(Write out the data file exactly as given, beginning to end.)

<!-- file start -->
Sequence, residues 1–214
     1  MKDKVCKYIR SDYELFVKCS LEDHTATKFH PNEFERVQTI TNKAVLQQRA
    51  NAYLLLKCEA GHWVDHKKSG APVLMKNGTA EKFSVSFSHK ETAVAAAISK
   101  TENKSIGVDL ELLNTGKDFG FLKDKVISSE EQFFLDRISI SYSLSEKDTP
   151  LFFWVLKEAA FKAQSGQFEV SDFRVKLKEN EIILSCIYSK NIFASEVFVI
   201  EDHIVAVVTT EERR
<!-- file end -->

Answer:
Sequence, residues 1–214
     1  MKDKVCKYIR SDYELFVKCS LEDHTATKFH PNEFERVQTI TNKAVLQQRA
    51  NAYLLLKCEA GHWVDHKKSG APVLMKNGTA EKFSVSFSHK ETAVAAAISK
   101  TENKSIGVDL ELLNTGKDFG FLKDKVISSE EQFFLDRISI SYSLSEKDTP
   151  LFFWVLKEAA FKAQSGQFEV SDFRVKLKEN EIILSCIYSK NIFASEVFVI
   201  EDHIVAVVTT EERR